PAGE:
Self-compassion involves treating ourselves kindly, like we would a good friend we cared about. Rather than continually judging and evaluating ourselves, self-compassion involves generating kindness toward ourselves as imperfect human beings. This workshop will provide simple tools for responding in a compassionate way whenever we are experiencing painful emotions. Through discussion, meditation, and experiential exercises, participants gain practical skills of mindfulness and self-compassion. A lecture on the theory and research into self-compassion will be provided, and several informal self-compassion practices for use in daily life will be taught. The phenomena of backdraft – adverse reactions to self-compassion practice – will be discussed. Finally, participants will learn self-compassion practices designed to work with difficult emotions, motivate oneself from a place of kindness rather than criticism, combat caregiver fatigue, and cultivate self-appreciation. This course is relevant for the general public as well as to practicing mental health professionals.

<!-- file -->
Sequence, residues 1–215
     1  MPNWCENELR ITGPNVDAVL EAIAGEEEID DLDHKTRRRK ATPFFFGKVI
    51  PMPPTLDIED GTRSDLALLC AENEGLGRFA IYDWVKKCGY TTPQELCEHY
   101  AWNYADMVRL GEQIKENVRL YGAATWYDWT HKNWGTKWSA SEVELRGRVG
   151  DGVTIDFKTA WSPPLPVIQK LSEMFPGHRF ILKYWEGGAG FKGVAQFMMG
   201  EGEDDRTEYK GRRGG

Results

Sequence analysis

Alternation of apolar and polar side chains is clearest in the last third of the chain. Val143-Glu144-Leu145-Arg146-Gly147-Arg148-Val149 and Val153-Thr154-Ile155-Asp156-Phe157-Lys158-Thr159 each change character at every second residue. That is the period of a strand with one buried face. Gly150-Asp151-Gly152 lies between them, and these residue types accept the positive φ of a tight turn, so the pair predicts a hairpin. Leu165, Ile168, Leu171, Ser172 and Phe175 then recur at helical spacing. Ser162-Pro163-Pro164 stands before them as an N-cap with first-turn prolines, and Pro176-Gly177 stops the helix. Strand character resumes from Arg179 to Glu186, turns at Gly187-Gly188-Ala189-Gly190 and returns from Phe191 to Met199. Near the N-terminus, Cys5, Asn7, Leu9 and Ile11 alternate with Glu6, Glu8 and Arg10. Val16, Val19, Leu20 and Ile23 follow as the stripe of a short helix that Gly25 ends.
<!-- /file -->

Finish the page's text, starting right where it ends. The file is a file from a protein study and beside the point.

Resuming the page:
Kristin Neff, Ph.D. is widely recognized as one of the world’s leading experts on self-compassion, being the first one to operationally define and measure the construct over a decade ago. In addition to her pioneering research into self-compassion, she has developed an eight-week program to teach self-compassion skills in daily life, co-created with her colleague Dr. Chris Germer, called Mindful Self-Compassion (MSC). Her book, Self-Compassion, was published by William Morrow in April, 2011.